Filmed over a 10-year period, Steven Avery, a DNA exoneree who, while in the midst of exposing corruption in local law enforcement, finds himself the prime suspect in a grisly new crime. ... See full summary »
Adventurer James Keziah Delaney returns to London during the War of 1812 to rebuild his late father's shipping empire. However, both the government and his biggest competitor want his inheritance at any cost - even murder.
Naz is a strait-laced Pakistani-American student who is off to a must-attend party on a Friday night. His only available transportation being his father's taxi cab, Naz sets off into Manhattan. But his party-going plans are quickly forgotten when a mysterious young woman jumps aboard in need of a ride. Charmed by her intense intrigue and good looks, Naz gets swept up by her pressures. After a mind-altering night of drugs and passion, the woman is dead, and Naz finds himself in the crosshairs of a gruesome murder investigation, panicked and shaken, but possibly with a trace of doubt as to his own innocence. Written by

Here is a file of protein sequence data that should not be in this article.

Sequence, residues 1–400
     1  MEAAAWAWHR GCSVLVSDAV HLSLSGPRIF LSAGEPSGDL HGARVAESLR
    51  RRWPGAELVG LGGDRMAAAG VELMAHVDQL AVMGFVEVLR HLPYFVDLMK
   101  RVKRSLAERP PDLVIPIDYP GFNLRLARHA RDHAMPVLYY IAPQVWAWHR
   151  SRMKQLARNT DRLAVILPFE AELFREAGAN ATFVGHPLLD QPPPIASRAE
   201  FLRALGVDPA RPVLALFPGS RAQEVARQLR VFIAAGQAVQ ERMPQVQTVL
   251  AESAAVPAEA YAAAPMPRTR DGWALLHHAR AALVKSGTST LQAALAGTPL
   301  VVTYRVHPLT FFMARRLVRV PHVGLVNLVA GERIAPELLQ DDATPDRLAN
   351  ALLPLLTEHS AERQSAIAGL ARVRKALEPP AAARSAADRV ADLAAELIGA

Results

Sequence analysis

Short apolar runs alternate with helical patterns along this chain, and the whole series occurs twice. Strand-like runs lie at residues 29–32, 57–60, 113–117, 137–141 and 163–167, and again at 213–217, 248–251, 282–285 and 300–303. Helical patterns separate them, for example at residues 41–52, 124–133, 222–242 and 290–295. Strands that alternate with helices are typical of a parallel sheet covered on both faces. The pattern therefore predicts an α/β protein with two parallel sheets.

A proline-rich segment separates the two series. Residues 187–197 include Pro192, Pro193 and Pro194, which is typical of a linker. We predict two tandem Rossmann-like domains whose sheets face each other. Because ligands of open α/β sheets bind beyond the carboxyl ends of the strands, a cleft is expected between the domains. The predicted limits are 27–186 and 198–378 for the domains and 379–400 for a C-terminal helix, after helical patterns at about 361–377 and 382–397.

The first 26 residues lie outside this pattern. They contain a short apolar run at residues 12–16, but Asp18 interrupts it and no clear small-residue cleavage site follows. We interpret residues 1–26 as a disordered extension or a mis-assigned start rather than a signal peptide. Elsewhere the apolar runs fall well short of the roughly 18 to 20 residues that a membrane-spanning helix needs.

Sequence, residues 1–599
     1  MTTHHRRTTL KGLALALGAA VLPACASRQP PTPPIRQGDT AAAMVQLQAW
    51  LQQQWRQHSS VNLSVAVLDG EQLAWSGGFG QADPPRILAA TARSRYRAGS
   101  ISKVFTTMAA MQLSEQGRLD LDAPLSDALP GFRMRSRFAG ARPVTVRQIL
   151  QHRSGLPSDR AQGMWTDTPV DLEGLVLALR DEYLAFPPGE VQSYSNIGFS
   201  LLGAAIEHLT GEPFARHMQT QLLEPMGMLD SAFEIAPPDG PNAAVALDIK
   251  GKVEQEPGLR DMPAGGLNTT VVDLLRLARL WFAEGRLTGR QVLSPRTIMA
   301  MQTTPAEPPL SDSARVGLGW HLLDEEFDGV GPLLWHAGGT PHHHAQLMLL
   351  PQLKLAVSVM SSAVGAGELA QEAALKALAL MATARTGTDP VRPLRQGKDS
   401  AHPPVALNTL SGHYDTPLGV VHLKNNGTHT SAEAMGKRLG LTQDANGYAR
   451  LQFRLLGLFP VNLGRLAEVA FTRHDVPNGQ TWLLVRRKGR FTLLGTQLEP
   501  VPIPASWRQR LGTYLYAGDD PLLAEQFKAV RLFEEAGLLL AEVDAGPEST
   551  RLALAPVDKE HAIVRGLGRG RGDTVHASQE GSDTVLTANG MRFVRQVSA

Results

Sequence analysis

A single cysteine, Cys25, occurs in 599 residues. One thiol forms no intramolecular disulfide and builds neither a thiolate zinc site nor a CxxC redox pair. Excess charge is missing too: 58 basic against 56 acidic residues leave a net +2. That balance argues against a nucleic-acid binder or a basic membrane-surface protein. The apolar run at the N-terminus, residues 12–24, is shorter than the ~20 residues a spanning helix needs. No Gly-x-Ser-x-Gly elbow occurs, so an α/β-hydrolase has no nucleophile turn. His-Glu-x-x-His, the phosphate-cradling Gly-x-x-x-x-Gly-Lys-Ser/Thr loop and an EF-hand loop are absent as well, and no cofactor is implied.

I thought the opening episode of the new HBO limited series The Night Of, which Roger Ebert's website called Agatha Christie meets The Wire, was engrossing and compelling. Richard Price is a solid writer, having knocked out juicy realism before in scripts for solid films like Sea of Love, Color of Money & the Scorsese "Life's Lessons" segment of New York Stories, and Steven Zaillian, an even better writer, directs here with the same precision for detail he brought to the underrated A Civil Action (Travolta, Duvall).
Great subtle acting abounds, and a modern day Twin Peaks meets True Detective emerges. I've always been a big John Turturro fan, and his grizzled and weary performance here as the suspect's attorney just might end up being Emmy worthy (time will tell). Riz Ahmed, as the main protagonist, brings the same innocent, befuddled but smarter-than-you-think characterization to the mystery storyline here that he aced as Gyllenhaal's doomed side-kick in Nightcrawler, and we just can't stop watching, because every time we ever felt stupid, cornered or scared is echoed in his soft spoken mannerisms of trapped anguish.
I'm looking forward to watching the remaining 7 episodes every Sunday night at 9 on HBO.
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